O, then, what graces in my love do dwell,
That he hath turn’d a heaven unto a hell!
After the garish costumes and goofy antics of A Comedy of Errors in the Abbey Theatre, it was a strange sort of relief to see that director Jason Byrne’s next foray into Shakespeare would be back with the Loose Canon Theatre Company in the more experiment-friendly environs of the Project Arts Centre. Strange? Well, the marketing folks were emphasising “donkey fucking” in their promotional material for this production. However, animal rights activists need not go reaching for their placards, the scene in question is decorous enough to have pleased the Irish censor’s office a half-century ago. Instead, the performance lingers on Titiania (Catriona Ni Mhurchu)’s growing sense of horror when the charm is lifted from her eyes the following morning. Equally, the confusion and then the anguish on the faces of Hermia and Helena, as the targets of their affection behave in beastly fashion towards them, is notably emphasised here. Even the happy reconciliation of the lovers at the end transpires under the blinding glare of the rising sun.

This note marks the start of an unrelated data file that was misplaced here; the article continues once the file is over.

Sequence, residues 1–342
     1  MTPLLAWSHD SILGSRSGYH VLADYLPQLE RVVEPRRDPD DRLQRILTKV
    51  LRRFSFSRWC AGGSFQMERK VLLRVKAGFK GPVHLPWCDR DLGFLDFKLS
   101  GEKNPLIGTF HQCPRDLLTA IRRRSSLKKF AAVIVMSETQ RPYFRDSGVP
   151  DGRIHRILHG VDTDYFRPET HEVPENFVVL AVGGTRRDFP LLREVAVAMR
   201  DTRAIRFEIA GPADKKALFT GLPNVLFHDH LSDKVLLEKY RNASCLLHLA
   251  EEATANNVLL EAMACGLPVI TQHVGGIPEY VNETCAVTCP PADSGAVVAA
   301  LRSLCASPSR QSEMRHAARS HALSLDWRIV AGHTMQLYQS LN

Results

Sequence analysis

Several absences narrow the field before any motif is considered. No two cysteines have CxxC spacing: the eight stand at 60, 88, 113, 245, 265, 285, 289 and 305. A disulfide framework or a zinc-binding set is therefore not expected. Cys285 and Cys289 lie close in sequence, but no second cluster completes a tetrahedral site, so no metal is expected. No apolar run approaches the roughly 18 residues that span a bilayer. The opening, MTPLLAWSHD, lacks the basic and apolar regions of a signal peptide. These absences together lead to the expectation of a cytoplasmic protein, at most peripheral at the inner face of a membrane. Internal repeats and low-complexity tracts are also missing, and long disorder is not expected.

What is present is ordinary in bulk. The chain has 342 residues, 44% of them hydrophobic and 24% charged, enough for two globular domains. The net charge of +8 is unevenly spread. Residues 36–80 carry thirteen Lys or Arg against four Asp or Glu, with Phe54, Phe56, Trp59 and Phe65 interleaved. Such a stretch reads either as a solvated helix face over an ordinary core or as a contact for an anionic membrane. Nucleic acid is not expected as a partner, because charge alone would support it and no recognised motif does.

Love hurts, right?
For all that, this is a play that takes its tongue and plants it firmly in adjacent cheek. The male fairies (Barry O’Connor and Phil Kingston) wear heavy metal t-shirts, smoke copiously, and plod about the stage. Meanwhile, Louise Lewis, as Helena, is hysterical as she frantically tries to shoo away the unwelcome attention of two suddenly ardent male suitors. Unsurprisingly, then, Bottom also gets in on the act, with a slovenly-looking Ger Kelly splendidly cast as the play’s artless self-aggrandised anti-hero, replete with a bray loud enough to wake all of Greystones. (more…)